On the 27th of July 2012, the Minister of Water and Environmental Affairs, Ms Edna Molewa officially awarded seven bioprospecting permits to different organizations to engage in Bioprospecting activities at an event which was held in Komaggas Community Hall. At the award ceremony, Minister Molewa also launched South Africa’s Bioprospecting, Access and Benefit Sharing (BABS) Regulatory Framework: Guidelines for users, providers and regulators.
Komaggas is the western-most district of the Northern Cape Province and located in the Greater Richtersveld SKEP geographic priority area. It is an area that is rich in biodiversity, boasting rare plant species. In attendance at the event were several prominent government officials, representatives from the Komaggas community, the Khoi Heritage members, conservation agencies and mass media.
At the event Minister Molewa said “Historically, a lack of bioprospecting policy framework and legislation both at national and international levels had permitted an almost unconstrained access to South African indigenous biological resources and indigenous knowledge. Consequently, traditional knowledge holders and providers of indigenous biological resources were not benefiting from the use of our indigenous biological resources and the associated indigenous knowledge.”
This is set to change as person may without a valid permit conduct commercial bioprospecting on any indigenous biological resource, or export any indigenous biological resources from South Africa for bioprospecting or any other kind of research.
Minister Molewa explained that the biodiversity economy, which is part of the green economy, was the country's 'competitive edge in growing our economy and addressing climate change adaptation.
The launched Guidelines document will act as a primary tool in assisting users, providers and regulators of indigenous biological resources and their associated traditional knowledge in understanding the legal requirements and their rights in terms of BABS regulations. The BABS Regulations came into effect on the 1st of April 2008. To date the Department has issued eight Bioprospecting permits, of which the first was handed over officially in 2010.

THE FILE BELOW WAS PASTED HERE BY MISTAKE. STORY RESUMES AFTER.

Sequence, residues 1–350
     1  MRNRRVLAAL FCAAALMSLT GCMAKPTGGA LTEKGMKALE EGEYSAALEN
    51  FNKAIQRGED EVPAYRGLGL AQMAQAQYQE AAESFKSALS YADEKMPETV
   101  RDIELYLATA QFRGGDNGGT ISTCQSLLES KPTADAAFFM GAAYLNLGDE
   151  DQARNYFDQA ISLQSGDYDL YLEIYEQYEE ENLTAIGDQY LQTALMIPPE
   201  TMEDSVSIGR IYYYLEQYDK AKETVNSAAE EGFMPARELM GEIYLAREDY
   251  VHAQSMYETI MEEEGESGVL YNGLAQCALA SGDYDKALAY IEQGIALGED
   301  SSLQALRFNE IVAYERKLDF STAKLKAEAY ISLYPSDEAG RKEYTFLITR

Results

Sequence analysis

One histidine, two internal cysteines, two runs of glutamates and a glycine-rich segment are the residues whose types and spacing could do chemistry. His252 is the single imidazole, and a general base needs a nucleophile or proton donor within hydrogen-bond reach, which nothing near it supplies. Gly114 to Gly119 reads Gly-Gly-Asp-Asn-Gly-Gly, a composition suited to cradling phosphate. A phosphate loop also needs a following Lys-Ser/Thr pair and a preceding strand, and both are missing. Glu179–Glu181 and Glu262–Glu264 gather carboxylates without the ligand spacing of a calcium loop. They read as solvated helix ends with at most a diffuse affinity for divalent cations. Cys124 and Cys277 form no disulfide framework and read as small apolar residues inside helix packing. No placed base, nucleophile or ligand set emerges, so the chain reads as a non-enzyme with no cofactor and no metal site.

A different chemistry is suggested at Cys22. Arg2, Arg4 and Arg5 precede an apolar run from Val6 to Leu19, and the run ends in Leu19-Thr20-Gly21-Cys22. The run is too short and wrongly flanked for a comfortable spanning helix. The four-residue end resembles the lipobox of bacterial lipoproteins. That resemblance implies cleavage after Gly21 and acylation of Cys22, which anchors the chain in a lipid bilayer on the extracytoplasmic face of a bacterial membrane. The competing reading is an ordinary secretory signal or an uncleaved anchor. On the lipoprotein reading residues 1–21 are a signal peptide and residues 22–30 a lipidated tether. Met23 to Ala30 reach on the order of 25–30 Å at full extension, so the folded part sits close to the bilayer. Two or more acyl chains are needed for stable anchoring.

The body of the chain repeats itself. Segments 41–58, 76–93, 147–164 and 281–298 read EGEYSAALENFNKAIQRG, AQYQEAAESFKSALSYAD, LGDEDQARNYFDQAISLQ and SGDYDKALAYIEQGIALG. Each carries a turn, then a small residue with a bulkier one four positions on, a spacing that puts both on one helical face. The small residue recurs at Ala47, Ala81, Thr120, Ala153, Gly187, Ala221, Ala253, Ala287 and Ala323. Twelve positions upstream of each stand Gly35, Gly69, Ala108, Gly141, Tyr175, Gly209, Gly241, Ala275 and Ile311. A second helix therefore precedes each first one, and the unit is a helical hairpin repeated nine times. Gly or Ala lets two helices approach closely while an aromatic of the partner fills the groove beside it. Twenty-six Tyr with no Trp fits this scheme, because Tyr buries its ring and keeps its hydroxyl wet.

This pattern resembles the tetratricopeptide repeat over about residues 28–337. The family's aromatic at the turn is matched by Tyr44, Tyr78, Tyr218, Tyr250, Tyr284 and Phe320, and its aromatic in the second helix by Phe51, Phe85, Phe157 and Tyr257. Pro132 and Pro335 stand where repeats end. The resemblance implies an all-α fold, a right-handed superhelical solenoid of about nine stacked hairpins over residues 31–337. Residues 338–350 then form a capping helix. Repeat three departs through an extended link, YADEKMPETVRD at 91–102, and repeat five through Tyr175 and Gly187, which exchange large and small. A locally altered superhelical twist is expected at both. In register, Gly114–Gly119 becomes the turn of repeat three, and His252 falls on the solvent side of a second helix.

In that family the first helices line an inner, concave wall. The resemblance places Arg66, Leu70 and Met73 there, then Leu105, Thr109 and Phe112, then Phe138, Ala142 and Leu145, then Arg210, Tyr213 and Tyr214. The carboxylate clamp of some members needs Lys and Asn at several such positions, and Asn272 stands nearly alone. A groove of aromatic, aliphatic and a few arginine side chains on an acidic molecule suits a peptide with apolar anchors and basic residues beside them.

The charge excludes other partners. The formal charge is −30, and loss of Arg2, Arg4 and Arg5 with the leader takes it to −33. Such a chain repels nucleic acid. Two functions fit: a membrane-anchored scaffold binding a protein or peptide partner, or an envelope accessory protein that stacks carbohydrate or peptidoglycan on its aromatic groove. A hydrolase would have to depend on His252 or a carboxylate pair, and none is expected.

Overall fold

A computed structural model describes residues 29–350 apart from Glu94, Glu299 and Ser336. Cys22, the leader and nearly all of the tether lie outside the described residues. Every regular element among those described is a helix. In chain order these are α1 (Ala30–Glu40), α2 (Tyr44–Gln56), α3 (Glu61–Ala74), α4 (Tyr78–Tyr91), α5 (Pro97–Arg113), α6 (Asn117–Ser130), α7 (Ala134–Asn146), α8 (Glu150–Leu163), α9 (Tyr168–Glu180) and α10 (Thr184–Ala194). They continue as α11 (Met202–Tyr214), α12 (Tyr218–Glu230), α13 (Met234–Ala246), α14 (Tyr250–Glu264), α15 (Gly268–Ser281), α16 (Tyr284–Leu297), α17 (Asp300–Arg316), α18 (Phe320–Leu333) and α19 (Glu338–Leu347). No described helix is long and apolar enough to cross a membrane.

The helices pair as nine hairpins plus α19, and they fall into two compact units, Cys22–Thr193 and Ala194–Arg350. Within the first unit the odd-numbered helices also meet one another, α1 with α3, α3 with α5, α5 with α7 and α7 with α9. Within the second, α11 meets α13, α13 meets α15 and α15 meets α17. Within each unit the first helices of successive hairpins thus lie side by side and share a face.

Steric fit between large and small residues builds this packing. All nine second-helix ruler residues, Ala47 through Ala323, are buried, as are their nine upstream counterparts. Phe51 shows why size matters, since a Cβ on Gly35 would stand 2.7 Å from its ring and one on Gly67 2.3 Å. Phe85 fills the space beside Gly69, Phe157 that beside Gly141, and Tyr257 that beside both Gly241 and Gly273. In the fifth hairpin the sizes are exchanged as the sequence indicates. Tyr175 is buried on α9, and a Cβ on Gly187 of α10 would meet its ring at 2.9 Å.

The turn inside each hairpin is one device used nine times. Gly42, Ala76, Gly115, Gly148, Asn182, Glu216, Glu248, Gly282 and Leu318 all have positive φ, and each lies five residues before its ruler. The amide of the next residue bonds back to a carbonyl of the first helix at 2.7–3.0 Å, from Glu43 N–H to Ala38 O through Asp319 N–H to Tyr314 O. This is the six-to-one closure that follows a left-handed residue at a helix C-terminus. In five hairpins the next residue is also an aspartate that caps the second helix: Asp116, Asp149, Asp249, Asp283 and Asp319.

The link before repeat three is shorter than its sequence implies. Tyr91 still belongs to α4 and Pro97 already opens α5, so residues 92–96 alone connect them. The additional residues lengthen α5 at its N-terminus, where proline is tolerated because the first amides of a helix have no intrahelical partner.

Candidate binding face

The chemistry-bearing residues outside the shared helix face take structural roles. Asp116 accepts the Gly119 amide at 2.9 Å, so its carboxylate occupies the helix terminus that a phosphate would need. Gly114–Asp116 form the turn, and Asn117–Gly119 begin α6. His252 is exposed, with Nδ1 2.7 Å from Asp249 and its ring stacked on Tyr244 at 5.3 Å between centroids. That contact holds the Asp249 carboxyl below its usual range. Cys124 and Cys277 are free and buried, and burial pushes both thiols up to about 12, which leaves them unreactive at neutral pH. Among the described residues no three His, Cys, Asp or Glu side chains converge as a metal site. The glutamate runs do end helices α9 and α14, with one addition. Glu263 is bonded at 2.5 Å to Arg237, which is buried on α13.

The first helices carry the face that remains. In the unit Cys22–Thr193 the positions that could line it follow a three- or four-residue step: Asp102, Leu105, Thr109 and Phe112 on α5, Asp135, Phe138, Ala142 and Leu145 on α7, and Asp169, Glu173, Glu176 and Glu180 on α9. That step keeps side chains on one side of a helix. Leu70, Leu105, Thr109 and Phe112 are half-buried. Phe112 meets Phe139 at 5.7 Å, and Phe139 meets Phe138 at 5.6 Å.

The seventh permit was awarded to Rapitrade 670 (Pty) Ltd for the extraction and purification of chemical compounds from the shrublet, Galenia Africana, better known as Kraalbos. The shrublet is predominantly found in the Northern Cape and will be used in the extraction and purification of chemical compounds for use in the agro-food and pharmaceutical markets.
As per regulations for BABS, the Komaggas community will benefit in monetary and non-monetary forms from the commercialization of their traditional knowledge of Kraalbos. The Komaggas community, who are providing access to the raw materials of Kraalbos, will be receiving both monetary and non-monetary benefits. Some of the benefits arising from the benefit sharing-and material transfer agreements will include the employment of Komaggas community members as project coordinators and harvesters; the collection of a pre-determined, specified percentage of all distributable cash reserves after costs at the end of each financial year to beneficiaries and the purchase of harvested Kraalbos from Komaggas farmers.
Furthermore, as per the regulations for BABS, a Section 21 company has been established for the Komaggas community to receive 5% of all distributable cash reserves after costs at the end of each financial year, or at such a time as deemed appropriate by the directors of Rapitrade 670 (Pty) Ltd.
The Khoi Heritage Foundation who is representing the holders of traditional knowledge about the Kraalbos will also receive one percent of all distributable cash reserves after costs at the end of each financial year, or at such a time as deemed appropriate by the directors of Rapitrade 670 (Pty) Ltd.
This event demonstrated the role of the biodiversity economy in improving livelihoods, especially for rural communities as Komaggas.